Effect of platelet glycoprotein IIb/IIIa integrin blockade on activated clotting time during percutaneous transluminal coronary angioplasty or directional atherectomy (the EPIC trial)
The activated clotting time (ACT) has been used during percutaneous transluminal coronary angioplasty (PTCA) to monitor the extent of thrombin inhibition and anti-coagulation from heparin in an attempt to minimize untoward thrombotic events and hemorrhagic complications. With the introduction of potent platelet inhibitors, such as the chimeric monoclonal antibody c7E3, to interventional cardiology, the utility of measuring and regulating procedural ACT has not been examined. To investigate the possible influence of platelet IIb/IIIa antagonism on procedural ACT, we reviewed data from the Evaluation of c7E3 Fab in the Prevention of Ischemic Complications (EPIC) trial. In the EPIC trial, 2,099 patients undergoing PTCA with a high risk of abrupt vessel closure were randomized to receive placebo (n = 696) or the IIb/IIIa platelet receptor antagonist c7E3 Fab (n = 1,403). Despite receiving less procedural heparin, and fewer patients receiving very high heparin doses (>14,000 U) than the placebo group, those receiving c7E3 had a higher mean (401 vs 367 seconds, p < 0.001) ACT when corrected for body weight. The ACT is increased approximately 35 seconds by the platelet IIb/IIIa receptor antagonist c7E3 Fab. This has important implications for dosing conjunctive heparin therapy and performing PTCA or directional coronary atherectomy in the setting of IIb/IIIa-directed therapy. © 1995 Excerpta Medica, Inc. All rights reserved under the United States, International, and Pan-American Copyright Conventions.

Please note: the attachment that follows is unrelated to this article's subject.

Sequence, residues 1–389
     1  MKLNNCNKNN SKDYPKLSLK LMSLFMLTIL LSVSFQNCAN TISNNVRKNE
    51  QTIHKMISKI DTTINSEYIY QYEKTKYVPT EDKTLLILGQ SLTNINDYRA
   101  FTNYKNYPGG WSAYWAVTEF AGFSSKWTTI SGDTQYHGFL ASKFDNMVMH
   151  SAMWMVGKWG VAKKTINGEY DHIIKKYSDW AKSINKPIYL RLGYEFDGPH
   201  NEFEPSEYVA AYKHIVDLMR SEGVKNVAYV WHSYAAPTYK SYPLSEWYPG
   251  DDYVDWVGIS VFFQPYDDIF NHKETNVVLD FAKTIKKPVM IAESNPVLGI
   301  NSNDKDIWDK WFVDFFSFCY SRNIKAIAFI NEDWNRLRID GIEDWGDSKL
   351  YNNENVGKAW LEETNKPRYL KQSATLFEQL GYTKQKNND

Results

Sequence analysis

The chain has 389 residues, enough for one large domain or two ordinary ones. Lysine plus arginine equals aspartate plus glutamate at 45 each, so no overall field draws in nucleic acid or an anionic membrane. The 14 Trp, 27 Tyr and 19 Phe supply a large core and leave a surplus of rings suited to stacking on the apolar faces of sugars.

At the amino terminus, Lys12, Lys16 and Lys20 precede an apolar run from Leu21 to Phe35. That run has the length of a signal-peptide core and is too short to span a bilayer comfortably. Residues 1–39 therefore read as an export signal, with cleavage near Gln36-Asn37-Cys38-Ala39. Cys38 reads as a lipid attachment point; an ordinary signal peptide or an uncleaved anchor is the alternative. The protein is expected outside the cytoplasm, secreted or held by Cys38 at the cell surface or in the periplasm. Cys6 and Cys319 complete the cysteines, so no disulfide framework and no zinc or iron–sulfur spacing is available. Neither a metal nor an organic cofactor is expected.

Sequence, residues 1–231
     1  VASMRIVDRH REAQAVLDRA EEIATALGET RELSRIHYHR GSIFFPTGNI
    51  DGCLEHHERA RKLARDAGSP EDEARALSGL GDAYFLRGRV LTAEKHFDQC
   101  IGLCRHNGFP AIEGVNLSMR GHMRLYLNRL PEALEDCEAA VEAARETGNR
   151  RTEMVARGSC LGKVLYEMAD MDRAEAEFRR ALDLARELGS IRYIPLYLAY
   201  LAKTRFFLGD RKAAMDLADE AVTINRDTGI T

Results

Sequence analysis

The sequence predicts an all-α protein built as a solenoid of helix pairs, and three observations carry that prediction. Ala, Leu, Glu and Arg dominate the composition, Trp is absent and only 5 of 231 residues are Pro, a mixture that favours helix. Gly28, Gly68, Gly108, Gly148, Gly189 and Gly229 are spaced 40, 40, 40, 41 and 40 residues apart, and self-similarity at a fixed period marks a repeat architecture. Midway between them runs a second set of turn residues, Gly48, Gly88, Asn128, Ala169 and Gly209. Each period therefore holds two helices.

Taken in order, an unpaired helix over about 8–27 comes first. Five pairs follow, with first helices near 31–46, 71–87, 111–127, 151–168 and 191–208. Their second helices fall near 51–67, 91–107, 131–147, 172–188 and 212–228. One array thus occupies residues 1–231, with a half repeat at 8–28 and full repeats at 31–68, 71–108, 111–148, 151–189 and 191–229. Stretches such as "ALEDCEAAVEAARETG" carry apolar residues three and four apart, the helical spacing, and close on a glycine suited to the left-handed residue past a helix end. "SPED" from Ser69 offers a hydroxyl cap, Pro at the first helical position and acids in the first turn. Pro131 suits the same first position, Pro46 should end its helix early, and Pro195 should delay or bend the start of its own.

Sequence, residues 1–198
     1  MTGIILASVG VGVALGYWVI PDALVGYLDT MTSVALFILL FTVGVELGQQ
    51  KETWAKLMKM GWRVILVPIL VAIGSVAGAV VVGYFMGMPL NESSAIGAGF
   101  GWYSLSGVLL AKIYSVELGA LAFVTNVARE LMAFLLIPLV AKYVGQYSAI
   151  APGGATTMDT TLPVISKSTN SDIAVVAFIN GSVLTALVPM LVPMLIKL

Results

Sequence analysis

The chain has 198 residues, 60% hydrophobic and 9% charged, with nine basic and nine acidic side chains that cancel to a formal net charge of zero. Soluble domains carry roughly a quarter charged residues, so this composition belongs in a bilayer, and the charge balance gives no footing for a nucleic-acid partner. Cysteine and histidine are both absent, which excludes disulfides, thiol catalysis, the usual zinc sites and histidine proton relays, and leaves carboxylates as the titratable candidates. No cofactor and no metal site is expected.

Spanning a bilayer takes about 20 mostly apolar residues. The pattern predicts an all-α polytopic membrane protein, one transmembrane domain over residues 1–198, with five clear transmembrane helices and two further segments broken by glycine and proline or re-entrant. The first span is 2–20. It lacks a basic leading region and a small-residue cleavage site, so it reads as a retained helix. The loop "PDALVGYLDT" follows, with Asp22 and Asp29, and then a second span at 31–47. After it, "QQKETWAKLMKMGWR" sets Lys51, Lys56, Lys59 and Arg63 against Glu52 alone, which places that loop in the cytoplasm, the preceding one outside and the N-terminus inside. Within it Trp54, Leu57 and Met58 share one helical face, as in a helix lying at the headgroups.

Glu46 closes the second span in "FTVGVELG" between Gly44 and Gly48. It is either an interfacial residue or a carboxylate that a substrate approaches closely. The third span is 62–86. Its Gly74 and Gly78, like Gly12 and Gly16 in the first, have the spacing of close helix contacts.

Moliterno, DJ; Califf, RM; Aguirre, FV; Anderson, K; Sigmon, KN; Weisman, HF; Topol, EJ; The EPIC Study Investigators,
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